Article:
Research Assistants
Divah Alshawa, Schusterman Young Scholar Hale Arifagaoglu, Marcia Robbins-Wilf Young Scholar Lauren Emerson, Schusterman Young Scholar
Cory Felder, Marcia Robbins-Wilf Young Scholar Olivia Holt-Ivry, Schusterman Young Scholar Katie Kiraly, Schusterman Young Scholar
Research Interns
Ahmad Al-Rifai Caroline Hoey Cooper Klose
Julia Miller Ilana Nixon Altay Otun
Gabriela Rubin
Stephen Borko – Dep. Dir. Admin. Beverly Sprewer – Data Services Coordinator Gina Vailes – Administrative Asst.
Jeff Rubin – Dir. of Communications Mary Kalbach Horan – Executive Editor Scott Rogers Managing Editor, Online Comms.
George Lopez Editor Maurice Shohet – Managing Editor, Arabic Website Rebecca Edelston – Comms. Associate
Laura Milstein Dir. of Development Judy Cole – Regional Dir., CA Liah Zirler Asst. to the Regional Dir., CA
Jeanne Aufseeser – Regional Dir., FL and Midwest Jacqui Schein – Regional Dir., NY Parisa Esmaili – Asst. to the Regional Dir., NY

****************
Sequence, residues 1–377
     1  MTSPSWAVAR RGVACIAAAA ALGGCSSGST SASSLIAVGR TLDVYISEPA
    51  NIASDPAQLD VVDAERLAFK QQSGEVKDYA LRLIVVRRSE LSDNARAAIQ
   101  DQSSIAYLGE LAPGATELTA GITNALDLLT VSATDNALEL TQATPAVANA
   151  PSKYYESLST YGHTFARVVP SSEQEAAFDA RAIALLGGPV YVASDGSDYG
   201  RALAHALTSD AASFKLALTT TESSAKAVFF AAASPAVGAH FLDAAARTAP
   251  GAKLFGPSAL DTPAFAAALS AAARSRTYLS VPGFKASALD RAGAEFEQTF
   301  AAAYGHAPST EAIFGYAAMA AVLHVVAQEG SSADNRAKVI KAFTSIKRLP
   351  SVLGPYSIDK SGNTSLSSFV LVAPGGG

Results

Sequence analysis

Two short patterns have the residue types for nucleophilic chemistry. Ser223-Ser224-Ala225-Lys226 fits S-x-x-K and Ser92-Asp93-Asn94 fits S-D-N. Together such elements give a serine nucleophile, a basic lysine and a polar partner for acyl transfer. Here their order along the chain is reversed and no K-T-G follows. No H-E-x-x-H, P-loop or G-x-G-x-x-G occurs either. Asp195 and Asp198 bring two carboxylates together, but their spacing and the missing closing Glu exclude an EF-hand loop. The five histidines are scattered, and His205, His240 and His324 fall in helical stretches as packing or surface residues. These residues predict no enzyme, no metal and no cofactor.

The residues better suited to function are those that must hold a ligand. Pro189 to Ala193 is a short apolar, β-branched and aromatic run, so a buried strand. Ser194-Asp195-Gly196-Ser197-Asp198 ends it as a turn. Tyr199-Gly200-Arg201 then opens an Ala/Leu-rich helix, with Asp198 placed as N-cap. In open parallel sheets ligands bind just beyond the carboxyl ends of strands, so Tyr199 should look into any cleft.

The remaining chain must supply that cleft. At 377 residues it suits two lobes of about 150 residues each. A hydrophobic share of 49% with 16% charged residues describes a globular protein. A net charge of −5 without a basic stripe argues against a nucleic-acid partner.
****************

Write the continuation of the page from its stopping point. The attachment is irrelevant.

Larisa Baste – Managing Editor, Development Kayvan Chinichian – Development Operations Officer Beth Newman – Development Asst.
Rebecca Erdman – Executive Asst.
Laura Hannah – Chief Financial Officer Shaquan Ransom – Staff Accountant Francois Nkuru – Financial Asst.
Board of Directors
Martin J. Gross – President Howard P. Berkowitz – Chairman
Chairmen Emeriti
Michael Stein Fred S. Lafer Barbi Weinberg – Founding President
Vice Presidents
Bernard Leventhal – Senior VP Peter Lowy – Senior VP James Schreiber – Senior VP
Benjamin Breslauer – VP Walter P. Stern – VP
Board Members
Richard S. Abramson – Secretary Dimitri Sogoloff – Treasurer Charles Adler emeritus
Anthony Beyer Richard Borow Michael Gelman
Roger Hertog, emeritus Shelly Kassen Jack Kay
Michael Keston Moses Libitzky Daniel Mintz
Zachary Schreiber Fred Schwartz Merryl Tisch
Gary Wexler
Next Generation Leadership Council
Jill Abramson Anthony Beyer David Eigen, chair
Daniel Eisenstadt Jonathan S. Gilbert Benjamin Gordon
Adam Herz James Keston Zachary Schreiber
Whitney Skibell
Board of Advisors
Max M. Kampelman Henry A. Kissinger Samuel W. Lewis
Edward Luttwak Michael Mandelbaum Robert McFarlane
Martin Peretz Richard Perle James G. Roche
George P. Shultz R. James Woolsey Mortimer Zuckerman
Warren Christopher 1925-2011 Lawrence S. Eagleburger 1930-2011
WINEP: Research Staff and Board Members[11]
WINEP: Board of Advisors[12]


Contact Details

The Washington Institute for Near East Policy